Comment des consommateurs normaux peuvent-ils comprendre les effets causés par leur consommation de viande ? Combien de personnes réalisent que notre demande de viande est directement responsable du défrichement de la forêt amazonienne ? Sommes-nous conscients des impacts de l’élevage industriel sur la pauvreté et la faim, les déplacements de populations et la migration, sur le bien-être animal, ou sur le changement climatique et la biodiversité ?
Three years after Fukushima, global nuclear power generation continues to decline. This year's report states that the nuclear share in the world's power generation declined steadily from a historic peak of 17.6 percent in 1996 to 10.8 percent in 2013. If it weren’t for the World Nuclear Industry Status Report, we probably wouldn’t know. This is because the nuclear industry is working hard to have us believe quite the opposite: that the world is seeing a nuclear renaissance.
The focus on the Energiewende has increasingly shifted to the role of coal in Germany. Arne Jungjohann and Craig Morris take a critical and historical look at the German coal situation and find that coal is in fact not making a comeback in Germany.
In this Memorandum the notion of new politics is introduced to look at current conflicts around resource use as a complex set of interactions between nature, humans, interests, power relations and cultures. With this text the Heinrich Böll Foundation offers a perspective which combines democracy, ecology and human rights and lays out fundamental ways forward that can form the basis for fair and sustainable Resource Politics.
This paper demonstrates that an expansion of renewable energy sources is the only path to a secure, affordable and climate-friendly energy system until 2030 and beyond. Renewables not only drastically reduce emissions and other environmental and social burdens; they also reduce energy import dependency and hence increase energy security, strengthen local economies, and create jobs.
Germany’s energy transition, or Energiewende, has been a success story thus far in terms of renewable electricity production (especially solar PV and onshore wind), technological innovation, job creation, and citizen involvement in clean-energy generation, among other areas. Yet there is room for improvement.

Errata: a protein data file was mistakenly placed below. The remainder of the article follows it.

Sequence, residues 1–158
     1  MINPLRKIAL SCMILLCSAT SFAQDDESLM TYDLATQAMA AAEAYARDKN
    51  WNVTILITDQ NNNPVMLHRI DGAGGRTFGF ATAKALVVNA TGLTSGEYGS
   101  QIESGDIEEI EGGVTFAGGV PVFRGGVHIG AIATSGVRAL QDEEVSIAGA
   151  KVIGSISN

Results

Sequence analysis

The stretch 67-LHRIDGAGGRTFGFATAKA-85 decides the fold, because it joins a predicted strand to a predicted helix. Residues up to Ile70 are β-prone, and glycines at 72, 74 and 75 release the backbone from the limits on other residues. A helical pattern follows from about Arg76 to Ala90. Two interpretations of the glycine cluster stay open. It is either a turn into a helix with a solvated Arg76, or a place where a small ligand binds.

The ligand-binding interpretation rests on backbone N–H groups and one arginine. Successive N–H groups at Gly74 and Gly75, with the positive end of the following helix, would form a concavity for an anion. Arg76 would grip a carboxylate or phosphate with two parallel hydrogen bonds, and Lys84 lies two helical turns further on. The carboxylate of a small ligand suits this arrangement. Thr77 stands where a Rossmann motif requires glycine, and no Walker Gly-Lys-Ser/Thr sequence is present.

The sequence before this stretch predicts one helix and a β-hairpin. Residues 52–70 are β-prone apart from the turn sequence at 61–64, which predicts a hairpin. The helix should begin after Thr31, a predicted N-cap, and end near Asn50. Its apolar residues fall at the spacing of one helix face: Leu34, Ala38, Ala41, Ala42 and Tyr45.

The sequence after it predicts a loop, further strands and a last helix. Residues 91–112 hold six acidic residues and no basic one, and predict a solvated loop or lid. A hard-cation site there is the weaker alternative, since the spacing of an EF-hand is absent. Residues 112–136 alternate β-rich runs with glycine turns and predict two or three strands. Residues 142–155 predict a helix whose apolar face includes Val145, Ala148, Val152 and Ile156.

The next years are critical for international action on climate change. The current negotiation process, as mandated by the Durban Plan of Action, aims at a new global climate agreement by the year 2015, which will take effect in 2020.
In this report, we assess the potential of three relatively promising international processes - the focus on fossil fuel subsidy (FFS) reform in the G20 group, the Sustainable Develoment Goals (SDGs), and the Transatlantic Trade and Investment Partnership (TTIP) - to act as possible routs to reform in a transtlantic context.
Our publication “A European Union for Renewable Energy” provides a collection of innovative policy ideas for better grids and support schemes for renewable energy sources. The report argues for an enhanced European cooperation in order to facilitate the shift towards renewable energy sources. More coordination at the European level would increase security of supply, reduce costs, enhance innovation and foster the competitiveness of the European economy.
The chemical industry is extremely important for Germany. For many, however, the chemical industry is also associated with environmental pollution, high risks and greenhouse gas emissions. The study Going Green: Chemicals describes the changes needed in the chemical industry in Germany and the European Union in order to meet environmental and climate protection targets while, at the same time, remaining competitive.
By comparing these energy policies, the objective was to jointly discuss collaboratively the future of the European energy transition, around the French-German duo. This conference was part of the GET@EU project (The German Energy Transition in the European Context), which aims at strengthening dialogue and exchange on energy transition issues between Germany and its European neighbours.